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A Space to Jam

A Space to Jam

Danny Hamen

Ever since he was a kid, Jeremy Miller fantasized about building his dream home. Admittedly, his vision back then had a few more bells and whistles.

“The older I get, the more I value simplicity and smaller structures,” he said.

However, even though his minimalist vision came to fruition after four laboring months, he did concede that he always wanted to build a treehouse extending above a dense forest, with windows that offer a panoramic view. “Then I could have friends over to play music while watching the sun set on a sea of trees.”

Who says we need to grow up, anyways?

Other than the occasional fantastical daydream, Miller (estimator for Compton Construction by day, drummer for the Cordial Sins by night) says his new Franklinton home is just how he wants it: simple, open, spacious, and minimal, with high windows with higher ceiling, offering up tons of natural light. Standing atop the modish hardwood floors in the upstairs loft, you have ample view of the whole house—a kitchen dominated floor plan complete with stylized cement floors, all wrapped neatly inside a durable yet cost effective fiber cement siding.

A lot can happen in a year when you have a little bit of cash, a well-defined vision, and the work ethic of a touring drummer.

Welcome to the Jam House.

I presume you will be using the house as a jam space for The Cordial Sins—do you think this type of structure is able to keep sound safely inside?

Yea! Right now the doors still need some treatment but the back room of my house is constructed with a sound-isolating wall. When playing music in the back room you can hear almost nothing at the street.

Do songwriting and architecture have any surprising similarities?

As a drummer, I’m not the one bringing an initial song idea to the table when playing with bands. I try to be a good listener and craft simple parts that complement the song. I admire drummers that create great space for a song to build on rather than play lots of notes. The goal was the similar with the house, try and create a space for creative ideas to develop.

What are the benefits of building from the ground up versus, renovating?

From an aesthetic/spatial perspective you have a blank slate and can explore different spatial relationships with greater freedom. From a practical perspective, you have a well-insulated new structure with new mechanical systems that will ideally be low maintenance for many years.

Why did you choose minimalism as the design aesthetic for the JAM house?

Minimalism is more than an aesthetic for me, it’s part of my overall lifestyle. I’m aware of the vast expanse of life and culture of which I’m completely ignorant, trying to keep things simple is a fulfilling way for me to explore the unknown. I’ve experienced the value of “less is more” in many areas of my life, and I appreciate it in design as well.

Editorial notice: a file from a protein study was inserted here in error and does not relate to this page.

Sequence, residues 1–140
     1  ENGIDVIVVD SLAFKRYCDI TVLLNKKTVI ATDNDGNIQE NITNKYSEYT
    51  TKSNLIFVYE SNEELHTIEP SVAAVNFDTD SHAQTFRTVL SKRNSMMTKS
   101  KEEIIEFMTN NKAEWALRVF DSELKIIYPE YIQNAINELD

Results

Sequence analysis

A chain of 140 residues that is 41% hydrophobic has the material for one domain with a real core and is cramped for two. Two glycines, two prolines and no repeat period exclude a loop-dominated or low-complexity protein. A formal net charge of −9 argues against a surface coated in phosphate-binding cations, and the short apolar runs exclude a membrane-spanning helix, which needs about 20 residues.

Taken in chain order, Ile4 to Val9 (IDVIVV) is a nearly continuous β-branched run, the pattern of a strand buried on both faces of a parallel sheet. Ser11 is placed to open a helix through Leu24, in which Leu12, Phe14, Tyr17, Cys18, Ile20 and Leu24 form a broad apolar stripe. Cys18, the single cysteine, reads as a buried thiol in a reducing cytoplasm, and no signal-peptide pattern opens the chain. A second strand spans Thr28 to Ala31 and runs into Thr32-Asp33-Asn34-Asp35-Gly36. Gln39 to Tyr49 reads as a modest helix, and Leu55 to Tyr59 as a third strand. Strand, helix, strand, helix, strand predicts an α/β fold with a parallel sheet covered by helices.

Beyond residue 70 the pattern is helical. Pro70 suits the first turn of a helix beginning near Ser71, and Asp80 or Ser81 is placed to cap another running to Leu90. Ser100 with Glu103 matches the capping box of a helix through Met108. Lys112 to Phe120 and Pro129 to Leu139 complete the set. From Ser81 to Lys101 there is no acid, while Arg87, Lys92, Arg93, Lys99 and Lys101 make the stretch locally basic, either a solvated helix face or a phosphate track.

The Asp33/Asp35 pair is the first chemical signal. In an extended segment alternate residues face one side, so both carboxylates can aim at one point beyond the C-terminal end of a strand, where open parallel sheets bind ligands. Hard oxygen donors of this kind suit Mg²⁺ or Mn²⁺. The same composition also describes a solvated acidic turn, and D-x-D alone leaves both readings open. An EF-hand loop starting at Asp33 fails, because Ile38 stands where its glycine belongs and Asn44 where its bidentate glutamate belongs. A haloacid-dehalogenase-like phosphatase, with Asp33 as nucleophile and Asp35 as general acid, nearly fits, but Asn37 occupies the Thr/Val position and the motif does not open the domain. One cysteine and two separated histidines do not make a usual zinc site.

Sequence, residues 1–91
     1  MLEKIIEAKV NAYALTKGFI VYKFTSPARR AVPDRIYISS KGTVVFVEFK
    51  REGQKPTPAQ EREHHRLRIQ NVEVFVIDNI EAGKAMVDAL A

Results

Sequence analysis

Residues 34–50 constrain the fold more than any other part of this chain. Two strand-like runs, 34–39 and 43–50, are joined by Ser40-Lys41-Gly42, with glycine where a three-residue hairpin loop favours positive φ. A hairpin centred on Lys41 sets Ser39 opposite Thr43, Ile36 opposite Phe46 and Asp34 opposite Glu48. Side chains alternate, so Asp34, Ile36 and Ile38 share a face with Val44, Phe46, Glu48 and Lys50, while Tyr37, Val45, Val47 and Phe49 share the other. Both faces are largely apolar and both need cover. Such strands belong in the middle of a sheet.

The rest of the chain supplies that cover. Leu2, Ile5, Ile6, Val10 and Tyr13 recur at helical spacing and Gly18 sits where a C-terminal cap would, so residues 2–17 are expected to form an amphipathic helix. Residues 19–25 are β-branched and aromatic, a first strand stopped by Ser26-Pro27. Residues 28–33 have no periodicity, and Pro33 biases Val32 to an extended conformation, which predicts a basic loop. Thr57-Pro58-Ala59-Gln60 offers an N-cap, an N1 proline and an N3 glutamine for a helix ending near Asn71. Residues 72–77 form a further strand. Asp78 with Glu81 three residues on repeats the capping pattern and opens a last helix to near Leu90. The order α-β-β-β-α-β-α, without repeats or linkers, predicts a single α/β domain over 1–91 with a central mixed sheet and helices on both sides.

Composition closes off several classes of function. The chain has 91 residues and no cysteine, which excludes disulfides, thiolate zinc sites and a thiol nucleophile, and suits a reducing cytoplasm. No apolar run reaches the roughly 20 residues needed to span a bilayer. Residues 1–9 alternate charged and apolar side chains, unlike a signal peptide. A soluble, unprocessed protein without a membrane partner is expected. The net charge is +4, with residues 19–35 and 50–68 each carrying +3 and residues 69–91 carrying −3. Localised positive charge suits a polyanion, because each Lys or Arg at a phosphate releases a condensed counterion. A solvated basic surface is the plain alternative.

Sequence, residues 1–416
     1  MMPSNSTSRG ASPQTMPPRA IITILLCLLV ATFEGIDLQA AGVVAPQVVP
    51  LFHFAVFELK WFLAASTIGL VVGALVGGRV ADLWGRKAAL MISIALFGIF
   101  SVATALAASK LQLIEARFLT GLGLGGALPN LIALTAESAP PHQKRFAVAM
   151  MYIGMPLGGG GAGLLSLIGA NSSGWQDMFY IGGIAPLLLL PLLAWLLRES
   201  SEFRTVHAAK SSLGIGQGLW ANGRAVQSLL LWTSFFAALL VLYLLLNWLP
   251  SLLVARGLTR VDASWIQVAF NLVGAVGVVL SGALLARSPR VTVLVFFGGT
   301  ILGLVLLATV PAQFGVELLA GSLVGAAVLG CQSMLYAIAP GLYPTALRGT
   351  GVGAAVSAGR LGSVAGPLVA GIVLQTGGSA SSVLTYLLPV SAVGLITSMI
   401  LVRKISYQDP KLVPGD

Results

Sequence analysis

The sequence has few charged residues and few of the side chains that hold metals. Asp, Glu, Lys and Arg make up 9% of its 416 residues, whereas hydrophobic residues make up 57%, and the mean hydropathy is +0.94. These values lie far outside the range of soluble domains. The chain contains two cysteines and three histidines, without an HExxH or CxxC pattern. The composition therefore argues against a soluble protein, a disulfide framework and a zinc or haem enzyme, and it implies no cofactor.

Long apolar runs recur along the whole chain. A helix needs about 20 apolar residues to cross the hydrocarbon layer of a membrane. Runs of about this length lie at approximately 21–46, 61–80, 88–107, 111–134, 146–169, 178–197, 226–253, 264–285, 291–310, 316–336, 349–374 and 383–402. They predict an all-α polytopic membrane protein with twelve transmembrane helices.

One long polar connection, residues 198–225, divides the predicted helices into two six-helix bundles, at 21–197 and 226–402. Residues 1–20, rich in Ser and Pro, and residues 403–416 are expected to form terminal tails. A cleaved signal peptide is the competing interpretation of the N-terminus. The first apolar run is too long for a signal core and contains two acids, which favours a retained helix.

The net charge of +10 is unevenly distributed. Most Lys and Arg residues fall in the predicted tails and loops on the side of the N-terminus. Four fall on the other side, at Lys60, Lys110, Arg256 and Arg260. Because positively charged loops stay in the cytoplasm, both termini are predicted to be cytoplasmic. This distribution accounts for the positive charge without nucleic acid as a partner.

How much does this entire project cost? Break it down for me in layman’s terms.

I did all the design and drafting myself, so I had no cost there. Including land the entire project came in just under $150K, but I work in construction and got just about every deal in the book. It easily could have cost another $20-40K.

How long did this entire process take from start to finish?

I applied to purchase the lot and started working on the design in October 2015. It took about six months to close on the lot, but as soon as I did I started working with a bank on financing. It took another six months to work through the bank process, but as soon as I closed on a loan we started building in October 2016. I moved in about 4.5 months after we broke ground.




What is the City of Columbus Land Bank Program? Do potential buyers secure the land before or after they come to you? How does that process work?

For various reasons, certain properties end up in the hands of the city. The Land Bank offers some of these vacant properties for sale if you propose a plan to rehab or build on them. When applying for a lot that you aim to build on you have to show your design intent, a basic floor plan and elevations of what you are proposing to build, as well as proof of financing to show you have the resources to complete to project.

How much freedom do potential buyers have when it comes to designing their own home?

It depends on where you choose to build. Some neighborhoods have area commissions and architectural review boards with design restrictions. Franklinton has an area commission that I presented my plans to prior to being approved to purchase a lot from the Land Bank. The Franklinton area commission was very supportive of my efforts though; I was able to build my home just like I designed it.

So, I am ready to build a home. What types of questions should I be asking?

So many questions. Does the Land Bank have any lots you’d be interested in? Does the property you’re looking at have existing utilities (water/sewer)? Are there any design restrictions you need to take into account? When looking at a lot that once had a building that’s been torn down, how will this affect your foundation? What’s your priority: time, budget, or quality?

What advice do you have for those who wish to build their own home?

Get hands on with the process, there’s something to learn every step of the way.


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